The government had taken the adamant position that no constitutional advance could be made till the Congress came to an agreement with the Muslim leaders. It issued ordinance after ordinance taking away the freedom of speech and that of the press and the right to organise associations.
Towards the end of 1940, the Congress once again asked Gandhi to take command. Gandhi now began taking steps which would lead to a mass struggle within his broad strategic perspective. He decided to initiate a limited satyagraha on an individual basis by a few selected individuals in every locality.
The aims of launching individual satyagraha were :
- To show that nationalist patience was not due to weakness;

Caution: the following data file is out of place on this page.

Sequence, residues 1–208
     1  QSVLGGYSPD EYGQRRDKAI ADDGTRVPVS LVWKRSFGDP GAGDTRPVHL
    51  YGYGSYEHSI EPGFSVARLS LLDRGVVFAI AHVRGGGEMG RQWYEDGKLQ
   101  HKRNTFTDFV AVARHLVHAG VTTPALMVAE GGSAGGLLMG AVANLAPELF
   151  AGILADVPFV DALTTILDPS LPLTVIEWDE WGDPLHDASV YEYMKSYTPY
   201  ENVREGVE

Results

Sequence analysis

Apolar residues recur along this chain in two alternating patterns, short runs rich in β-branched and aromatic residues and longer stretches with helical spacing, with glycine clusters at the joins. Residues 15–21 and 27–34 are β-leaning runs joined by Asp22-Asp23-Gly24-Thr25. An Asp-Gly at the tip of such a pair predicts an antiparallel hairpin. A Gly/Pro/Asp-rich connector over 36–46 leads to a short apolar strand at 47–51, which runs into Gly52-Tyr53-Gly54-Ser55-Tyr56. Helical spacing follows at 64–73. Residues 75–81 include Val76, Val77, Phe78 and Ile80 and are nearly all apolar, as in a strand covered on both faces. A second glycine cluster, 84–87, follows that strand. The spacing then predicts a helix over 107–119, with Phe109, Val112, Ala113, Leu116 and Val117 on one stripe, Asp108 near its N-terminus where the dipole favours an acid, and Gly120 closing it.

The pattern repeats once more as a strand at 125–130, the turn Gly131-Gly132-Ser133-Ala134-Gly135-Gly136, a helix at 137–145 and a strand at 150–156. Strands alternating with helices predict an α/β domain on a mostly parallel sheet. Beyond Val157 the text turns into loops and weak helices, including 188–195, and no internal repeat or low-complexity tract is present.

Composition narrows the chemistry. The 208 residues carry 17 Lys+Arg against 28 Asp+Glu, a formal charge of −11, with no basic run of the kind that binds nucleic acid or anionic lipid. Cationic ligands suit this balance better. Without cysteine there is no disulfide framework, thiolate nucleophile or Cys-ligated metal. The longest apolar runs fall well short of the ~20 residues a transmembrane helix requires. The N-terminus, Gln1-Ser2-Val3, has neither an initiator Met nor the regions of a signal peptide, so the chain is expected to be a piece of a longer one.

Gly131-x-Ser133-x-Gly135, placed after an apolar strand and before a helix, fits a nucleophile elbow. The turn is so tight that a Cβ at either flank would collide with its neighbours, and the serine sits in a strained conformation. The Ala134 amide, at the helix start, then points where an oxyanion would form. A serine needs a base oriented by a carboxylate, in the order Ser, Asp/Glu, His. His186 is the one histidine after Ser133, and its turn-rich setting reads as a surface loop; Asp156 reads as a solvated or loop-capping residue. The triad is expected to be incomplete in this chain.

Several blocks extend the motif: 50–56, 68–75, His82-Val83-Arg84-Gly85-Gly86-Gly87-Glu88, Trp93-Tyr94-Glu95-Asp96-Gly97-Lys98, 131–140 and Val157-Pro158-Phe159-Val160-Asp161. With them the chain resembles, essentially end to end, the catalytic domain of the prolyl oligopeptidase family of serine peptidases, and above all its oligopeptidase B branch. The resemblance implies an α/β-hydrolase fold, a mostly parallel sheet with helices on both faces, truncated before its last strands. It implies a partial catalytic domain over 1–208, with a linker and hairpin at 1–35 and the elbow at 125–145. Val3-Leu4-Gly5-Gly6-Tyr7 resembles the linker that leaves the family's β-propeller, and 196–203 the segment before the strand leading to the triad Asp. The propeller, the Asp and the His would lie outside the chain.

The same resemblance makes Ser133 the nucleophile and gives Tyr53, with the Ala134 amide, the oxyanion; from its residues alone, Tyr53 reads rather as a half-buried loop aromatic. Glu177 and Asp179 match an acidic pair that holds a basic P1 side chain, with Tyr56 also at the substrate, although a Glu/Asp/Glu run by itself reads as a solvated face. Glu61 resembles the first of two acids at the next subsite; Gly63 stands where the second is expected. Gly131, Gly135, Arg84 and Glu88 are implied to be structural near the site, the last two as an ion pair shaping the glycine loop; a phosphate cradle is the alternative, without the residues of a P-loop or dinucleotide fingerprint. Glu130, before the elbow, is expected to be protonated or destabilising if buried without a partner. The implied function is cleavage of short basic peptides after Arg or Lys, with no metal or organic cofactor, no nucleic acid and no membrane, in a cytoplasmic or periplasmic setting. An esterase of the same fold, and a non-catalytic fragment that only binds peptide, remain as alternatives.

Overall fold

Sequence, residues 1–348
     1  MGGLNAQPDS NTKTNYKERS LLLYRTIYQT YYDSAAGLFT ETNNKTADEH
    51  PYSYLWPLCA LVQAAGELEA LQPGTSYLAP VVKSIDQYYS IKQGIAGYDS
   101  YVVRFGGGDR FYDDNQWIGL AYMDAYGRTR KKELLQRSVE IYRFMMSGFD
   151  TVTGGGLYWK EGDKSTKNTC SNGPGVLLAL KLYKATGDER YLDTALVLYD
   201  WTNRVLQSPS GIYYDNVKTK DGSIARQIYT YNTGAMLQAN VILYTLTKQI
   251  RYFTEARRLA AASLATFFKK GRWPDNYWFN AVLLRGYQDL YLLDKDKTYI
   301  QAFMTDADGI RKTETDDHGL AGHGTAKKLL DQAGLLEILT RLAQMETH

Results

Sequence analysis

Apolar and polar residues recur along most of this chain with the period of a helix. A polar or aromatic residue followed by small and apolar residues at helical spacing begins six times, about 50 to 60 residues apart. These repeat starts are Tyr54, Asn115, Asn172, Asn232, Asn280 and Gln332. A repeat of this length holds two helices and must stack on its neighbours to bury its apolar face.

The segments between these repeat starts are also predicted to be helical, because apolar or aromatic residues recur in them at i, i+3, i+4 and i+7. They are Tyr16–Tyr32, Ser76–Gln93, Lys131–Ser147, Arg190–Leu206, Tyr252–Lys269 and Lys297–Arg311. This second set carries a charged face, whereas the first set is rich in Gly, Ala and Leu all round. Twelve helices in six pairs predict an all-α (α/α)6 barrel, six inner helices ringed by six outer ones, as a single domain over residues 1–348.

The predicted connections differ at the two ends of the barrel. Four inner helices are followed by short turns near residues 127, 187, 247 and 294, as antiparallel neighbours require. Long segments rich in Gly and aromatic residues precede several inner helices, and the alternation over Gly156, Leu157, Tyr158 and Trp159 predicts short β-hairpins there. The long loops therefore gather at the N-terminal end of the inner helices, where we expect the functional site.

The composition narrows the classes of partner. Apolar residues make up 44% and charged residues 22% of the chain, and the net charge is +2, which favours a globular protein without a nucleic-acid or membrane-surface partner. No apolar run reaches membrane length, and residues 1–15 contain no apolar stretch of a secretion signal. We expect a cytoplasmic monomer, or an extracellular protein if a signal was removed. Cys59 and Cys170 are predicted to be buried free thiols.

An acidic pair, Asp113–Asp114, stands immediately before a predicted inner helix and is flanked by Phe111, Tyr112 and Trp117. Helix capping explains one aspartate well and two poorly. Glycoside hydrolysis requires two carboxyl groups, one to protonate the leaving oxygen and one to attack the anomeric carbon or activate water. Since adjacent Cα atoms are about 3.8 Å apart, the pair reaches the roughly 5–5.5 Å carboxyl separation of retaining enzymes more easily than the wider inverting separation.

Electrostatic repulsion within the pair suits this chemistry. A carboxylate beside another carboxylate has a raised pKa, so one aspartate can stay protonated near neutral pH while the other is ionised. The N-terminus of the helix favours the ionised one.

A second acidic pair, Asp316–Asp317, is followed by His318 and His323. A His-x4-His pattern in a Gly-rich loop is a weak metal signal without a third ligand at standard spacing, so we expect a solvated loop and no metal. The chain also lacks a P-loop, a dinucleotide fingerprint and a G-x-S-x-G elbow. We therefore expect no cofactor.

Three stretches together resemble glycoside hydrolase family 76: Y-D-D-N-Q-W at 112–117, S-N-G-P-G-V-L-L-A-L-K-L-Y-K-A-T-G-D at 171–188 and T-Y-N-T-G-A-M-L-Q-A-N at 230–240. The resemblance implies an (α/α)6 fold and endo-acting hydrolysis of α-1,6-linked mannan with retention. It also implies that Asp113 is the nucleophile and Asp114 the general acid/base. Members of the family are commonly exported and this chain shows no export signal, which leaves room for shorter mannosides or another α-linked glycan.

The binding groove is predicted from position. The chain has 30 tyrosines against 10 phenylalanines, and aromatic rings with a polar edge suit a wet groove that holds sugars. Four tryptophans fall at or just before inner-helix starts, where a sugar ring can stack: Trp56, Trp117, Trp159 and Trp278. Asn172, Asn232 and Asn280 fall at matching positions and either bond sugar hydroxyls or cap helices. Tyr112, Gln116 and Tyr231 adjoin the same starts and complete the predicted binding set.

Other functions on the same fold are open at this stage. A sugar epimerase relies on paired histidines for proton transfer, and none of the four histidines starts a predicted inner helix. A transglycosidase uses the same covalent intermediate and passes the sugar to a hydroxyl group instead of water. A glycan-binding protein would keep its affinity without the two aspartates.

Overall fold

- To express people’s feeling that they were not interested in the war and that they made no distinction between Nazism and the double autocracy that ruled India; and
- To give another opportunity to the government to accept Congress’ demands peacefully. The demand of the satyagrahi would be the freedom of speech against the war through an anti-war declaration. If the government did not arrest the satyagrahi, he or she would not only repeat it but move into villages and start a march towards Delhi, thus precipitating a movement which came to be known as the ‘Delhi Chalo Movement’. Vinoba Bhave was the first to offer the satyagraha and Nehru, the second. By May 1941, 25,000 people had been convicted for individual civil disobedience.